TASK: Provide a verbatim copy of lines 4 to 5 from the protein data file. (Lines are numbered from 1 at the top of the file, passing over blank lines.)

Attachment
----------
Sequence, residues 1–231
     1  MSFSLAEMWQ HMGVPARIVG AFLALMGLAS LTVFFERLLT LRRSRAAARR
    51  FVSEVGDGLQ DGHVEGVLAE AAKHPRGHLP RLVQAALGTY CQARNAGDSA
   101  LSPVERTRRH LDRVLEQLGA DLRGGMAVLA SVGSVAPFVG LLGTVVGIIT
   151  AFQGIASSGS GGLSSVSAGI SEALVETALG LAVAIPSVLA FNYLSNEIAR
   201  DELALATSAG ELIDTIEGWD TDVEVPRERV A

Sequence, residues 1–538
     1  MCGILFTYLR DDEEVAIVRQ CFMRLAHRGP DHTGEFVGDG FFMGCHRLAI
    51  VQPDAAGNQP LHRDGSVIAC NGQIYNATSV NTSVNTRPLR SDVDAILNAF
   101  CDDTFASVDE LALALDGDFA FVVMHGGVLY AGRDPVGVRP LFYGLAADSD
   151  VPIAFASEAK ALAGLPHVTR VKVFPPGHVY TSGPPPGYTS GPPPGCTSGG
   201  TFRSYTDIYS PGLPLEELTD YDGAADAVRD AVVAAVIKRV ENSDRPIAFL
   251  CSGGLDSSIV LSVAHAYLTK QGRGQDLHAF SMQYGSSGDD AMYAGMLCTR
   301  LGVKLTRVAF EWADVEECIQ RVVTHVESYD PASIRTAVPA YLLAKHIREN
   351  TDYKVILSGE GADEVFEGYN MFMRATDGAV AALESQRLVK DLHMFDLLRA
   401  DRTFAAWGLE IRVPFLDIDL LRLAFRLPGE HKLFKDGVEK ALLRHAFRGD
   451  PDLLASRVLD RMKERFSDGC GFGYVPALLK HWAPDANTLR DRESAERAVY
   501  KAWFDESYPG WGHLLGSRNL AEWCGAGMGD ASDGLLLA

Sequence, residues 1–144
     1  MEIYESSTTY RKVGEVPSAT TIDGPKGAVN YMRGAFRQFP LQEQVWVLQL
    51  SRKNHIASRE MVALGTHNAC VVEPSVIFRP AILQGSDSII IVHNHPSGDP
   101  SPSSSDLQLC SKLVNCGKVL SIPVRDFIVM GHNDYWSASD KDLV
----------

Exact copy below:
   101  LSPVERTRRH LDRVLEQLGA DLRGGMAVLA SVGSVAPFVG LLGTVVGIIT
   151  AFQGIASSGS GGLSSVSAGI SEALVETALG LAVAIPSVLA FNYLSNEIAR